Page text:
Netflix CEO Reed Hastings said on the company’s earnings call today that it’s “thrilled” with the progress of its online streaming service. He disclosed that in addition to an announced partnership with LG to bring video to the TV, Netflix has signed three additional consumer electronics partners, two of them major and one of them “a small company.” LG and the other two large partners are expected to launch by the end of the year; the smaller company will launch sooner.
CFO Barry McCarthy, however, said Netflix had spent more on online delivery implementation than anticipated, prompting the company to cut its full-year per-share profit forecast. The lowered outlook sent Netflix’s shares down 13 percent in late trading despite posting a 36 percent jump in its latest quarterly profit.
The executives also said that: “Nothing about these [consumer electronics] agreements will be material to our financial results for the foreseeable future.” They did say of the digital offering that the company is “very confident it’s a positive influence for us” in terms of increasing subscribers, and that people are watching more content online than Netflix expected.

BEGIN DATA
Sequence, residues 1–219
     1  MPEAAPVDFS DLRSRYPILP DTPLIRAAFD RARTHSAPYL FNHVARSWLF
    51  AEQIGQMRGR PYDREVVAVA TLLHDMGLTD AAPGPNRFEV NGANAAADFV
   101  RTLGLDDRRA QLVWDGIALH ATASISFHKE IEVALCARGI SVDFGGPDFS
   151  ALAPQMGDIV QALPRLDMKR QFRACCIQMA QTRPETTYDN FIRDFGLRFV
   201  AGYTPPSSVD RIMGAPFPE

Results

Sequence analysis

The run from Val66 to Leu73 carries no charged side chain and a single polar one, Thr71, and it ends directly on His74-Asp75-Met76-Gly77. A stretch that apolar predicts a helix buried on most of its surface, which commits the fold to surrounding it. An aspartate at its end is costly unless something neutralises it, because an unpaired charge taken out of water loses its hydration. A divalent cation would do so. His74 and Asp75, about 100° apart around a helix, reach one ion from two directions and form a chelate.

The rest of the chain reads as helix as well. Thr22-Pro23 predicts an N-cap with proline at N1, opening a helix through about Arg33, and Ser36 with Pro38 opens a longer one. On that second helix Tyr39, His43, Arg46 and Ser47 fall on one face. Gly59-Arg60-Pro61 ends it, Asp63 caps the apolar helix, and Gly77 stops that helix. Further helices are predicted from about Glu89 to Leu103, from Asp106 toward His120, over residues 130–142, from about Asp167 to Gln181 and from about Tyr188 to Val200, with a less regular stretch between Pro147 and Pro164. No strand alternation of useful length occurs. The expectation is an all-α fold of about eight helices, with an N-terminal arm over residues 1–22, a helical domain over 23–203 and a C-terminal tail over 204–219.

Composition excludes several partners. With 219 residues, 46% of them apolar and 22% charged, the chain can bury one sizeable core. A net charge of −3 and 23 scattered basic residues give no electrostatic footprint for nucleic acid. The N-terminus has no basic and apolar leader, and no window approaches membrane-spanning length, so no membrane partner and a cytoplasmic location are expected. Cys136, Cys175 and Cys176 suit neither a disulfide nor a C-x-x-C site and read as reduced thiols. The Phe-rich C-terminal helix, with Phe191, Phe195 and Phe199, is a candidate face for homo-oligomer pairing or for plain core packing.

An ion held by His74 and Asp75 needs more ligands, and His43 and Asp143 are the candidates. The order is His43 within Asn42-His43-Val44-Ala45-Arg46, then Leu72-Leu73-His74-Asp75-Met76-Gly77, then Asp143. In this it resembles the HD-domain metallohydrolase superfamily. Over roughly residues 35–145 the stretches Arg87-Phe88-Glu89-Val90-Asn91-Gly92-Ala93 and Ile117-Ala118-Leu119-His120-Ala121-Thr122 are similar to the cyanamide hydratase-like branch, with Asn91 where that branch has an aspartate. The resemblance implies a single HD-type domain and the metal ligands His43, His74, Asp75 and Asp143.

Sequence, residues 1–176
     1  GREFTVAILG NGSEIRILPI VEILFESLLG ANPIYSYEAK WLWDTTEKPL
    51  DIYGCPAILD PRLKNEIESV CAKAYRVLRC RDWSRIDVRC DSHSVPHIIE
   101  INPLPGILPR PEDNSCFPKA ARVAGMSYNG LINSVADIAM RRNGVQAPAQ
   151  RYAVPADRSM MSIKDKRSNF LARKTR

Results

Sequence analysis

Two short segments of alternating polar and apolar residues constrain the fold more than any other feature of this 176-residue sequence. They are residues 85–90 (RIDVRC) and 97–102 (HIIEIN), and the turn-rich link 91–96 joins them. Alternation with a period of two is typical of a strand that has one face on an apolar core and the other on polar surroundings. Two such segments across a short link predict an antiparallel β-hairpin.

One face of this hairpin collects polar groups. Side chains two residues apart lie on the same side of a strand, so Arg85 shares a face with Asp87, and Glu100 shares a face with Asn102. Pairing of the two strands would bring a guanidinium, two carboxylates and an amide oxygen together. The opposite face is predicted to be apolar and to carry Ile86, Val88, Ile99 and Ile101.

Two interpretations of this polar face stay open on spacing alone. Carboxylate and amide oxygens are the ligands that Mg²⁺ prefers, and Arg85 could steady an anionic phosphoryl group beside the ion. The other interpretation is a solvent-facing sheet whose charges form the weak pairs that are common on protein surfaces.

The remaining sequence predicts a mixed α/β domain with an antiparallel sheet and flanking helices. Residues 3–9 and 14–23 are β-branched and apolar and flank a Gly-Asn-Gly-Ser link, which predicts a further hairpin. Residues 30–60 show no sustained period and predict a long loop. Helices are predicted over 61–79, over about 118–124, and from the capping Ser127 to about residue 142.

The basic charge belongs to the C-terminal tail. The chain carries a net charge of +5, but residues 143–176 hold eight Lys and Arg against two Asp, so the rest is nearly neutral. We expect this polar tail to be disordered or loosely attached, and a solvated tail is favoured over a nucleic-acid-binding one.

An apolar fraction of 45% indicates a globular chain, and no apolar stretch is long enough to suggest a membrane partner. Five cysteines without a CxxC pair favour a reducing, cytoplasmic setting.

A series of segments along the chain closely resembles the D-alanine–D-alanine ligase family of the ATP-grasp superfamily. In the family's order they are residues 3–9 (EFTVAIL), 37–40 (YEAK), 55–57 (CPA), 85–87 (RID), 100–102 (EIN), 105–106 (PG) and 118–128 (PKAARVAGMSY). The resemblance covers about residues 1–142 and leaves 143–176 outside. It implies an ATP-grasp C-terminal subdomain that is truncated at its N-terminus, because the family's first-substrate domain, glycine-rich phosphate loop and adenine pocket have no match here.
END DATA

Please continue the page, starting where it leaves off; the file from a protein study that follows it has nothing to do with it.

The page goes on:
Hastings said the DVD-by-mail company now offers 9,000 movies and television shows for online streaming, though he noted this is still only available for Windows (Mac support is supposed to come this year).
Other key comments from the call:
- “Providing free access to content is not a long-term formula for profitable growth.”
- “Providing consumer access to Internet content on their TVs will require additional partnerships.”
- “Our focus as a brand is really around unlimited subscription entertainment.”
- Netflix is not interested in kiosks. It sees an advantage vs. other online streaming services because it also has the DVD-by-mail option as well as its ratings, reviews and recommendations.